I was gratified to see my co-blogger on ‘Darain Man’, Hugh Ristik, refer in his last post to the “Odious Comparison“, one of a several phrases I’ve coined to describe some of the objectionable aspects of feminism. Just as feminism has its own vocabulary, including such terms of art as “Patriarchy” and “Rape Culture”, so we Feminist Critics need a vocabulary of our own. Ideally each concept should be described by a memorable word or two word phrase. Here’s what I’ve come up with so far. Some of these terms I have been using for a while; others, so far, have existed only in my head; still others I’ve coined even as I drafted this post.
Gendersphere: The entire field of philosophy, discourse, and activism that attends to gender, including, but not limited to feminism, antifeminism, Men’s Rights Activism, and Feminist Criticism.
Feminism: A self-defining segment of the Gendersphere. A feminist is a person who is recognised as a feminist by other feminists.
Pro-feminism: Men who are unwilling to call themselves feminists (or who are not recognised as such by some feminists) because they are male, even though their views are indistinguishable from feminism.
Contrafeminism: That part of the gendersphere that is broadly in disagreement with or opposition to feminism.
Antifeminism: Extreme contrafeminism. An essentially oppositionist stance.
Men’s Rights Activism: A movement devoted to improving the position of men in society. While this is basically a positive stance, the movement is infested with antifeminism.
Feminist Criticism: My term for my own philosophical position, and for the similar views of other people. The phrase is deliberately ambiguous: A feminist critic could be a critic of feminism or a feminist who criticises. I want to carve out a position within gendersphere independent of of the other -isms, overlapping with both feminism and MRA, and critical of both. Arguably the phrase “feminist criticism” is obnoxiously gendered (see below), because feminist critics are also critics of antifeminism, however given the hegemonic position of feminism within the gendersphere I think it is justified. The word “criticism” should be taken in its constructive sense, there are many aspects of feminism that feminist critics will agree with. Feminist Critics accept the tools of feminism (gender analysis, etc.,) and apply them to feminism itself.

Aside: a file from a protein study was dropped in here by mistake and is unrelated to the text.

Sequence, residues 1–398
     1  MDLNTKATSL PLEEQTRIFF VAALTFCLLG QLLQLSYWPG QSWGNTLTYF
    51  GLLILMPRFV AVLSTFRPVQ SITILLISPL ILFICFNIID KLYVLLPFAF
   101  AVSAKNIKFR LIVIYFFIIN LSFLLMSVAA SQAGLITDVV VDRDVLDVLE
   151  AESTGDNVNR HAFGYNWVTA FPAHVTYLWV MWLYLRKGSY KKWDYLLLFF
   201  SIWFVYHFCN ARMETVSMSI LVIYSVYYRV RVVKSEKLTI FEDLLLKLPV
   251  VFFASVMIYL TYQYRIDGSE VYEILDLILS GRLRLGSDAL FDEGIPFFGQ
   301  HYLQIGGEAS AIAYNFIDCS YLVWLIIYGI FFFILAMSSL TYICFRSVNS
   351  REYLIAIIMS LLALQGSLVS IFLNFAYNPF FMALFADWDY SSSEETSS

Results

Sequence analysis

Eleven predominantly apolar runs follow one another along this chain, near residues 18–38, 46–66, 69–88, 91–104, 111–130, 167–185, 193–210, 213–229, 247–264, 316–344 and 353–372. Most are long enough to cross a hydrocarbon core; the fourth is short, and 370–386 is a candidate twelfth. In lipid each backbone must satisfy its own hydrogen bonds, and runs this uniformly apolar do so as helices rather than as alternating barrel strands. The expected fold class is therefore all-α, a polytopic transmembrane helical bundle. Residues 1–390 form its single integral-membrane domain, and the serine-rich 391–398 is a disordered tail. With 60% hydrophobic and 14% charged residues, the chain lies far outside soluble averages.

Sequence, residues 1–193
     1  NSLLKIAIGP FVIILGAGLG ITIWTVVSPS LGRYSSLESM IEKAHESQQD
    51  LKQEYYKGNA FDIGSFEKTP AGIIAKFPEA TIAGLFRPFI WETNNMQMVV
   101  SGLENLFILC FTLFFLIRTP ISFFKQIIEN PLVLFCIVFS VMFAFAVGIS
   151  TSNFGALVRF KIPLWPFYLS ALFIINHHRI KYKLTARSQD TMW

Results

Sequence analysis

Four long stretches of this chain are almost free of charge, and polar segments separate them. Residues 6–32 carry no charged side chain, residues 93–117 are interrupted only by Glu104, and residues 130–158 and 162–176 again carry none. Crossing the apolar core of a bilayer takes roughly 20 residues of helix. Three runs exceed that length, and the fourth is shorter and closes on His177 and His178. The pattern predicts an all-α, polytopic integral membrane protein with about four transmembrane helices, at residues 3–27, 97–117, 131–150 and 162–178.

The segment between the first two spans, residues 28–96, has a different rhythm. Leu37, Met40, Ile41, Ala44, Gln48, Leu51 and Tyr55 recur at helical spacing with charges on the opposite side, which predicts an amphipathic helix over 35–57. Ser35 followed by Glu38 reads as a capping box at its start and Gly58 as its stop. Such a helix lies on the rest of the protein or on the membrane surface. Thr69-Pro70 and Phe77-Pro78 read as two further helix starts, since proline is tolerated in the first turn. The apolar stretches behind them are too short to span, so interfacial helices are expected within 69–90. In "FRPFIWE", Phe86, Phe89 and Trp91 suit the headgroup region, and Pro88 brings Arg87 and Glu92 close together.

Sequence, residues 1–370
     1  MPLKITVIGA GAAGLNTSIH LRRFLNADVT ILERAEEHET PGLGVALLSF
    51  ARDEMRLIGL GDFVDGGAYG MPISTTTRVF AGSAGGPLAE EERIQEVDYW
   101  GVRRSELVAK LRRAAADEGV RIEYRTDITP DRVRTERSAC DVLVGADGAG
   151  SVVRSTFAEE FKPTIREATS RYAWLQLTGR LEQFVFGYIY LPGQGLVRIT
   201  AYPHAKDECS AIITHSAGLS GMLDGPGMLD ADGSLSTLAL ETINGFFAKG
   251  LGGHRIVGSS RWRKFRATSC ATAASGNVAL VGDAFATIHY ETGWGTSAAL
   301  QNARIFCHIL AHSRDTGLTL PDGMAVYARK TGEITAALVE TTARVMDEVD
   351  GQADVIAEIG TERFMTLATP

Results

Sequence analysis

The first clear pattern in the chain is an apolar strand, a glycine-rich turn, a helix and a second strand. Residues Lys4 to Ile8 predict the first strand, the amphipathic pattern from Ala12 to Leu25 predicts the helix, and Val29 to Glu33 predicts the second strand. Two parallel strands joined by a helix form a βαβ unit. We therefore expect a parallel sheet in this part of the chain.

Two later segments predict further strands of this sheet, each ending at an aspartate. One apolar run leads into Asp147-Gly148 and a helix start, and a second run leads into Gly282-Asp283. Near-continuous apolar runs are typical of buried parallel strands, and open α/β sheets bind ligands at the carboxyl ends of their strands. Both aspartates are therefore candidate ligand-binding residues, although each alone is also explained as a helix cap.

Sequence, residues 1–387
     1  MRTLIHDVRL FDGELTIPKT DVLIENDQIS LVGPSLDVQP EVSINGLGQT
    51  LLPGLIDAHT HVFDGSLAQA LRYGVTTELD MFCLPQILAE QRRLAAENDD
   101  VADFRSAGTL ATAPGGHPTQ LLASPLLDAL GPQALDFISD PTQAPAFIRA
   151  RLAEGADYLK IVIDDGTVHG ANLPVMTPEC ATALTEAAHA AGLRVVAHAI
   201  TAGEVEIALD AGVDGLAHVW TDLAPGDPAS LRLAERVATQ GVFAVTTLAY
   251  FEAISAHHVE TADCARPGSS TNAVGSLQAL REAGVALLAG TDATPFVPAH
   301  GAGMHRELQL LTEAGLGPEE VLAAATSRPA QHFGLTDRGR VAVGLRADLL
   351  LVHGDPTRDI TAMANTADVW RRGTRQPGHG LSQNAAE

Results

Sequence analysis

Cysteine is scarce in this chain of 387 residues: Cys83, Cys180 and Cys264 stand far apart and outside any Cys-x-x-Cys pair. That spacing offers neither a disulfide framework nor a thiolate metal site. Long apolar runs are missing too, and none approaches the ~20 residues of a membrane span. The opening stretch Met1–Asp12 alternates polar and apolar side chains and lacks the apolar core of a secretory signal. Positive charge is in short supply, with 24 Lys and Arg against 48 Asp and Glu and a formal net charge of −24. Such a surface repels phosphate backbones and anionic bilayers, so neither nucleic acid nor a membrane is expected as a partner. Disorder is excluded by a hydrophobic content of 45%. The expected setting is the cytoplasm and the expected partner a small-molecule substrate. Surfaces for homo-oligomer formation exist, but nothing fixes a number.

Typical: I use this word as a term of art, meaning behaviour, etc., which (a) is common among feminists (or some other group), (b) is unlikely to be challenged by other feminists, (c) if someone with otherwise good feminist credentials does challenge it, they are likely to have their status as feminists challenged by other feminists, and (d) those without feminist credentials who challenge it are likely to be regarded as antifeminists/MRAs (or the equivalent opposition group). Typical behaviours within a group are likely to be perceived by outsiders as representative of it.
The ‘Bird in your Garden’ Test: A test for typicality. If all you need do to see a particular kind of bird is look out the window, that’s an indication that those birds are typical of where you live. If you have to travel 200 miles to visit a nature reserve to see them, then they’re not typical. Similarly if you can easily find an example of a particular argument or behaviour passing unchallenged among the usual suspects within the blogosphere, then that’s an indication that it is typical. If you can’t, then it probably isn’t.
Obnoxious Gendering: Refers to the typical feminist practice of equating maleness and masculinity with bad, and femaleness (though not femininity) with good. At its most obnoxious, it refers to the practice of never letting men forget just how lousy they are: “It’s male violence, committed by men, who are male. Just in case you didn’t get that, it’s men who are doing this, etc., etc., ad nauseum“. Obnoxious Gendering has a more subtle aspect in the use of gendered terms like “feminism” and “patriarchy” to refer to things which (in the view of the feminist) are good and bad respectively.